War is Peace. Freedom is Slavery. Ignorance is Strength.
In his novel 1984, George Orwell forecasted a dystopian society 36 years in the future, in which an all-powerful state uses advanced technology to exert totalitarian control over the thoughts, words and actions of its citizens. Ubiquitous two-way “telescreens” watch the individual’s every move and emit an endless stream of sinister propaganda. Big Brother is watching you. The Ministry of Truth is the only source of information. The Thought Police control what you think. As citizen Winston Smith learns to his cost, resistance is futile.
The allegations that the NSA has apparently been collecting the cellphone and Internet records of everyone in the United States (if not the world) has catalyzed fears that Orwell’s terrifying future may finally be materializing twenty-nine years late. Sales of 1984 are up 9,500%. Was Orwell right? Is technology in the hands of the state enabling our subjugation as he predicted?
In one key aspect, Orwell was absolutely right. Like Orwell’s telescreens, security cameras increasingly monitor us from every street-corner, but we also carry smartphones that log our every physical movement, and meanwhile a host of tracking technologies record our virtual movements across the Web. As a recent WSJ OpEd by Sen. Rand Paul proclaims, “Big Brother Really Is Watching Us” — and he’s using technologies far more powerful than Orwell could have imagined back in 1948. The implications of this surveillance are profoundly disturbing. While we may trust the current administration’s assertions that they’re only watching us in order to protect us, who can be confident that future administrations or less benign overseas governments will not use these tools to track and persecute whomever they deem to be an enemy of the state?
In another fundamental aspect, however, Orwell was dead wrong. In a paradox worthy of 1984 itself, the same technologies that enable Big Brother to watch us are rendering it ever more impossible for him to control what we know and think. Far from ending up in control of all knowledge through the Ministry of Truth, today’s governments have effectively lost the ability to control our access to information. In Orwell’s time, the state only needed to censor a few newspapers and a handful of broadcasters to effect total information control. Today, we carry access to hundreds of global news sources and tens of thousands of bloggers around in our pockets, most of them beyond our national government’s reach. If the New York Times won’t publish it due to a secret FISA court order, the Guardian will. If we don’t trust the Turkish government’s account of events in the streets of Istanbul, we can turn for the truth to thousands of cellphone videos or tweets from the people themselves. SMS, Twitter and Facebook have become the means for citizens to organize resistance to abusive government power, and for the rest of the world to witness it. No wonder Prime Minister Erdogan recently declared Twitter and its ilk “the worst menace to society.”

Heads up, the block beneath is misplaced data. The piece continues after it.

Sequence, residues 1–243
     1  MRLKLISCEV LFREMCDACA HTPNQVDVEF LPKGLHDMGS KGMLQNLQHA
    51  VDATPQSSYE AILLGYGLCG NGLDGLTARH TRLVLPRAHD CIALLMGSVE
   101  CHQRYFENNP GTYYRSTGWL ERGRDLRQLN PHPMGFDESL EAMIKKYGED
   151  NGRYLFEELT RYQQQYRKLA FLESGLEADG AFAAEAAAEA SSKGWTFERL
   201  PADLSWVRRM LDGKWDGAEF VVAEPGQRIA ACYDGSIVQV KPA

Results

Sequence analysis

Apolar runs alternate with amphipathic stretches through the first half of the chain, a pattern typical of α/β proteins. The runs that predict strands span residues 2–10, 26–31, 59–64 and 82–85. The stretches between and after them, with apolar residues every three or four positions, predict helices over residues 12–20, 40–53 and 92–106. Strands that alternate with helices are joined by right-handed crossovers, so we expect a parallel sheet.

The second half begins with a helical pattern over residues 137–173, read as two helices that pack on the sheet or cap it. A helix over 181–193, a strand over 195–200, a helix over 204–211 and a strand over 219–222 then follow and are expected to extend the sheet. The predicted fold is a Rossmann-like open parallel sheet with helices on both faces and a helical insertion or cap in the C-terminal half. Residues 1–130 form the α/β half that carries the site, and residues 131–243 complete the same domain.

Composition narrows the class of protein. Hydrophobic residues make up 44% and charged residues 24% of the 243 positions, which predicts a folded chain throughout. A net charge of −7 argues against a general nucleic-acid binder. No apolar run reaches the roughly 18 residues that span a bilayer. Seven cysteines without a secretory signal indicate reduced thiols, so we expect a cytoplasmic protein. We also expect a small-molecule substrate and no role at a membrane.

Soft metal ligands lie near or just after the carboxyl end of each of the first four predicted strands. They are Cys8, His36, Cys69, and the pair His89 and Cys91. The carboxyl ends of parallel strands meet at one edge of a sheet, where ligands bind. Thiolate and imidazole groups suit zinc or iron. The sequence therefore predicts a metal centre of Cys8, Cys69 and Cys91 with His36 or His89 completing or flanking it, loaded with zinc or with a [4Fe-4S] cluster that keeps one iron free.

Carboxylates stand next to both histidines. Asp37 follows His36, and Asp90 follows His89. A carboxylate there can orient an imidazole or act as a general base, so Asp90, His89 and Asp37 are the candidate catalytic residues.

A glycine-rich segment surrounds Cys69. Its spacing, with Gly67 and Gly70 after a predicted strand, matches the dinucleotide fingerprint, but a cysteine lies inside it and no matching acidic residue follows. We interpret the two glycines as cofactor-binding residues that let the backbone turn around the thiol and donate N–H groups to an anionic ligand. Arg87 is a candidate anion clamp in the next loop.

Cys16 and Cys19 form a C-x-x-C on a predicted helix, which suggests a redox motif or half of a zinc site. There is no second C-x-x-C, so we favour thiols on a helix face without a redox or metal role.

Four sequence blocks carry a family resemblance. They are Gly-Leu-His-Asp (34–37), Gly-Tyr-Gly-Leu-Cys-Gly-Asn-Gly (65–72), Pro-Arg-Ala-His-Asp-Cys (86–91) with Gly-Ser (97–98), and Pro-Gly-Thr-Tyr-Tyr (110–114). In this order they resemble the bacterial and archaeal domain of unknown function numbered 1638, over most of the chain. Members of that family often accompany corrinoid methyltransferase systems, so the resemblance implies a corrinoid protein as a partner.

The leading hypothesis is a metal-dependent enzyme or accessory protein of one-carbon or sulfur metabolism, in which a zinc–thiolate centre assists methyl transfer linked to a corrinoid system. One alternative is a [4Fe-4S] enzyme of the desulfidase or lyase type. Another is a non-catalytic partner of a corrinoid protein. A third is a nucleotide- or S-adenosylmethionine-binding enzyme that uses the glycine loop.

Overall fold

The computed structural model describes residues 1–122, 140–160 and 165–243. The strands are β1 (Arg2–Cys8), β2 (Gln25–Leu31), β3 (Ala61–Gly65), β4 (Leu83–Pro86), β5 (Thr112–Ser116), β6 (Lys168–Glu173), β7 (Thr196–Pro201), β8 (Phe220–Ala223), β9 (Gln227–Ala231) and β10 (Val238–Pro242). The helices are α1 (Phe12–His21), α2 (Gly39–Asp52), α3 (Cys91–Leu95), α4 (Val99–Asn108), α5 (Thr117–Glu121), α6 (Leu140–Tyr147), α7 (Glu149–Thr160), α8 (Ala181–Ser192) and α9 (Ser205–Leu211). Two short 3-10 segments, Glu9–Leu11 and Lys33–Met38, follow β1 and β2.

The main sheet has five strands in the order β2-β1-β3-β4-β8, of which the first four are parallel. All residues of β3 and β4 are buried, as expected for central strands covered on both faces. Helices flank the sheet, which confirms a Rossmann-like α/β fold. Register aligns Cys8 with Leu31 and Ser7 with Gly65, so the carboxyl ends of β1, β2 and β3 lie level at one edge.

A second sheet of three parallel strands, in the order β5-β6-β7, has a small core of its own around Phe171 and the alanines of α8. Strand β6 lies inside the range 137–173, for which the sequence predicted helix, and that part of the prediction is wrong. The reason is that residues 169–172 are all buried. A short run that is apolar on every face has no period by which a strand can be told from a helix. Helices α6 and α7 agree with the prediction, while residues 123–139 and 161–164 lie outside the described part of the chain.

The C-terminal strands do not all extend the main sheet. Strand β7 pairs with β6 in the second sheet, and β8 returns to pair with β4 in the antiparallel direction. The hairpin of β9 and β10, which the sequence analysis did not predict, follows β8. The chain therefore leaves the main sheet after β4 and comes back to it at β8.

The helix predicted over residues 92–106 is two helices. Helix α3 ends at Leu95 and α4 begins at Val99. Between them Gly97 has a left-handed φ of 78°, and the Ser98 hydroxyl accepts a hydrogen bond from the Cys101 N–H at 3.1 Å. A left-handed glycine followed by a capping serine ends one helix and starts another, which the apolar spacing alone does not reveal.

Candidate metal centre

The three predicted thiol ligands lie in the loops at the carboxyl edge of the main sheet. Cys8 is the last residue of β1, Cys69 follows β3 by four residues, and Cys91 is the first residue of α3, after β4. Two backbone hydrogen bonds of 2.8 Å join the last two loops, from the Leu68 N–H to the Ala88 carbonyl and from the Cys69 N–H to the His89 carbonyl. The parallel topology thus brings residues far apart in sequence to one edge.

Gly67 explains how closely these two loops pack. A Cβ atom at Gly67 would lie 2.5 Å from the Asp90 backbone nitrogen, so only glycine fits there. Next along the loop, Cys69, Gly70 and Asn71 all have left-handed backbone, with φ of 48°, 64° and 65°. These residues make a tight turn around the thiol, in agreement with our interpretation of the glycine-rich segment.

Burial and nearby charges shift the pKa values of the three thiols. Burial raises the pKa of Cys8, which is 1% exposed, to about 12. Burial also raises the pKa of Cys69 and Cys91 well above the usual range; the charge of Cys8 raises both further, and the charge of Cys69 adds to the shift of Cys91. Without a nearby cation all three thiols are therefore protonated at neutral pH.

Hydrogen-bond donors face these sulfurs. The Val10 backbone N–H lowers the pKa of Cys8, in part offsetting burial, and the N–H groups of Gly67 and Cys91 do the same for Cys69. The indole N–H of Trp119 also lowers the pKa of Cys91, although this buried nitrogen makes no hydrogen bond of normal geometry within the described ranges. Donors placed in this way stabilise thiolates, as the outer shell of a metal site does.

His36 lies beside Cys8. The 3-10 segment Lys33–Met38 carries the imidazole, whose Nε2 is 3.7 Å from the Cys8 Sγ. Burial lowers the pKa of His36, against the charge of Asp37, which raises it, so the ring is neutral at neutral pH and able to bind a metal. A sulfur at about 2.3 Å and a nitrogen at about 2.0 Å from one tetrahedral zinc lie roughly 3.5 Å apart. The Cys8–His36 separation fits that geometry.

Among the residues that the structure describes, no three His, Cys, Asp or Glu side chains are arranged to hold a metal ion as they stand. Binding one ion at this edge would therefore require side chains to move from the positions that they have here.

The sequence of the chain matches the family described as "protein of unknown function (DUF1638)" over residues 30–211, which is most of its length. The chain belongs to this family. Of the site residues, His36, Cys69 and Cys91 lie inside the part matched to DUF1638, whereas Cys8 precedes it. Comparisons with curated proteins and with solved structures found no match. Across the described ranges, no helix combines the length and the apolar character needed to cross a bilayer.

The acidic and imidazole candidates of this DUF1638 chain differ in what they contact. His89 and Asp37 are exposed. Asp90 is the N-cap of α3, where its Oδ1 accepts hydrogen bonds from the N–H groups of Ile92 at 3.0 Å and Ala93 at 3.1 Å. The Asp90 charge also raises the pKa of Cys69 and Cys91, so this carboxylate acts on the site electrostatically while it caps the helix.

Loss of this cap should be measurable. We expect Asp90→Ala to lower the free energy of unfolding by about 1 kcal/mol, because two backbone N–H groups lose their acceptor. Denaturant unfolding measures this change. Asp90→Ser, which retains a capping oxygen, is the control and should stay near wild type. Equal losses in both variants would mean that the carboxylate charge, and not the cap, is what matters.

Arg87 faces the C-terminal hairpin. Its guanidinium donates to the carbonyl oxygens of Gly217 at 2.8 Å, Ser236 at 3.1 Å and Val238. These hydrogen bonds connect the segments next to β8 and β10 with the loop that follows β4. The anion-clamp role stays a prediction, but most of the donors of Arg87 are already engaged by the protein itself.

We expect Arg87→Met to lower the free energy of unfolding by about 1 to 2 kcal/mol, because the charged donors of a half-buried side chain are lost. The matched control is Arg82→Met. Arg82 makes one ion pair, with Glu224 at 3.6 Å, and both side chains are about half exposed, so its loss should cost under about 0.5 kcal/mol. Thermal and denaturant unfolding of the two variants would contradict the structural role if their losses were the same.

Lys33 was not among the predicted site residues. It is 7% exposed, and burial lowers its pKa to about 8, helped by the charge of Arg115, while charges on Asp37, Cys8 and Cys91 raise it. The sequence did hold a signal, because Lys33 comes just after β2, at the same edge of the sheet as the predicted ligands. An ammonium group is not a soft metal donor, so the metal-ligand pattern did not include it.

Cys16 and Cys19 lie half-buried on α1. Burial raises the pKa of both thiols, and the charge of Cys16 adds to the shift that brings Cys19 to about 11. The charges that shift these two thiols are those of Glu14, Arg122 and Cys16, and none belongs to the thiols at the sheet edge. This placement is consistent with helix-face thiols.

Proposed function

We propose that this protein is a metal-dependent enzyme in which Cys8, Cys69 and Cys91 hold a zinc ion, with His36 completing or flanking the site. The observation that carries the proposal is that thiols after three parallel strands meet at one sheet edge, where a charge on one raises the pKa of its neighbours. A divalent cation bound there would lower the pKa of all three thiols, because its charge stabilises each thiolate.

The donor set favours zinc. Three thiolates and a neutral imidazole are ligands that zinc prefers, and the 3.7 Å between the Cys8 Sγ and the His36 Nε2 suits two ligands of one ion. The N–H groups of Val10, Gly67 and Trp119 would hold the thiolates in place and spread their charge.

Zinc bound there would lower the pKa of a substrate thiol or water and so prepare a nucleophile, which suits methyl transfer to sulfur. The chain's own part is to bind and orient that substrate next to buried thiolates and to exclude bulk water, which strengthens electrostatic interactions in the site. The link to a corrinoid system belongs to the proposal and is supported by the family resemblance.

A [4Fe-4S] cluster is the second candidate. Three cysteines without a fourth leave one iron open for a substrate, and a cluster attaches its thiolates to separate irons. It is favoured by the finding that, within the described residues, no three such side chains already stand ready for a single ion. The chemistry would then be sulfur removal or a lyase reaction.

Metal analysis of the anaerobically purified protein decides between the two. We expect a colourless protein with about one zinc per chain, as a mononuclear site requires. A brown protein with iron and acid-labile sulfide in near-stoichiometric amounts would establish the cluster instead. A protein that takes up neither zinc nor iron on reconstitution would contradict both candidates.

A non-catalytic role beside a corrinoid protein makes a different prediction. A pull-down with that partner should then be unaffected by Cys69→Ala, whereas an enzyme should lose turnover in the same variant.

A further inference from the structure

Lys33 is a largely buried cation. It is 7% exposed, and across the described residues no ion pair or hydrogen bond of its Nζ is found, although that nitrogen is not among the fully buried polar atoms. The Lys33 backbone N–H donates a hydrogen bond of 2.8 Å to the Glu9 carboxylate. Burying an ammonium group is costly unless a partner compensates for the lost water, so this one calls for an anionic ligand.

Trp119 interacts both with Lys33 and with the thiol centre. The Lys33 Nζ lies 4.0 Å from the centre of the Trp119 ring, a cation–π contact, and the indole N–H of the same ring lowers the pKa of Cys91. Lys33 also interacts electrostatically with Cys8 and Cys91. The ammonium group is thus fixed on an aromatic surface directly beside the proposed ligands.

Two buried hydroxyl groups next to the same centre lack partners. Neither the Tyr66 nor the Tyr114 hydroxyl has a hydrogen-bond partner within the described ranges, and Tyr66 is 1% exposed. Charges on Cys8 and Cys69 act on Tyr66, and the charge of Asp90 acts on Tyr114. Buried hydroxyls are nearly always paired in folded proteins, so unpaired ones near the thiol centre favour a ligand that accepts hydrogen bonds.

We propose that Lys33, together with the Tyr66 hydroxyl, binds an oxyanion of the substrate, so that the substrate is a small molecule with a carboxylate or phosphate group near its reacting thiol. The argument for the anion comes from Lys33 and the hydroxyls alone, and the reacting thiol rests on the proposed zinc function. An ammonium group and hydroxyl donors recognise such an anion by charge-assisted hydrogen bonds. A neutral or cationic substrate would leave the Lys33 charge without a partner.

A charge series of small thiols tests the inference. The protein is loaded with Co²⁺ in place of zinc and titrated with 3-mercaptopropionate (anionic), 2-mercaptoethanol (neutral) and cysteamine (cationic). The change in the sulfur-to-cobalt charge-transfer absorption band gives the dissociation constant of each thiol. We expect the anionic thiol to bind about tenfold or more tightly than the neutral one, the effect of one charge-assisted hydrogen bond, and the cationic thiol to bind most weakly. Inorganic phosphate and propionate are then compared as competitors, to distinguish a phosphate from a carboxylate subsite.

Moreover, technology is exposing the state itself to scrutiny in ways that Orwell never foresaw. Even in China, these days it only seems to take a flurry of critical comments on Sina Weibo for the government to change its policy on luxury cars for officials or to give in to villagers demanding the removal of a corrupt mayor. In what’s become a recurring nightmare for Western governments, leaks spread instantly and uncontrollably in the world of smartphones and Twitter. Whether you agree or disagree with their tactics, it only takes one “whistleblower” to shine the blinding spotlight of the global Internet on controversial top-secret government programs. And just as our personal use of technology lays a trail the government can follow, so too does government’s use of technology create a record that can be used to scrutinize the actions of the officials involved and hold them to account. If there is a “smoking gun” associated with the IRS Tea Party affair, it’s likely to be found somewhere in a trove of internal email. Like Nixon with his tapes, the day will inevitably come when a national government is brought down by its emails.
So, Orwell was partly right. The state uses ever more advanced surveillance technology to watch us, and our own ever-greater use of personal technology makes it possible. On the other hand, technology has fundamentally destroyed the state’s ability to control our access to information, and exposed its bureaucracy to unprecedented scrutiny. This may be the death of privacy, but perhaps it’s also the death of secrecy and impunity. In that respect, fortunately, Orwell was wrong. Thanks to technology, Big Brother may be watching us, but we’re watching him too.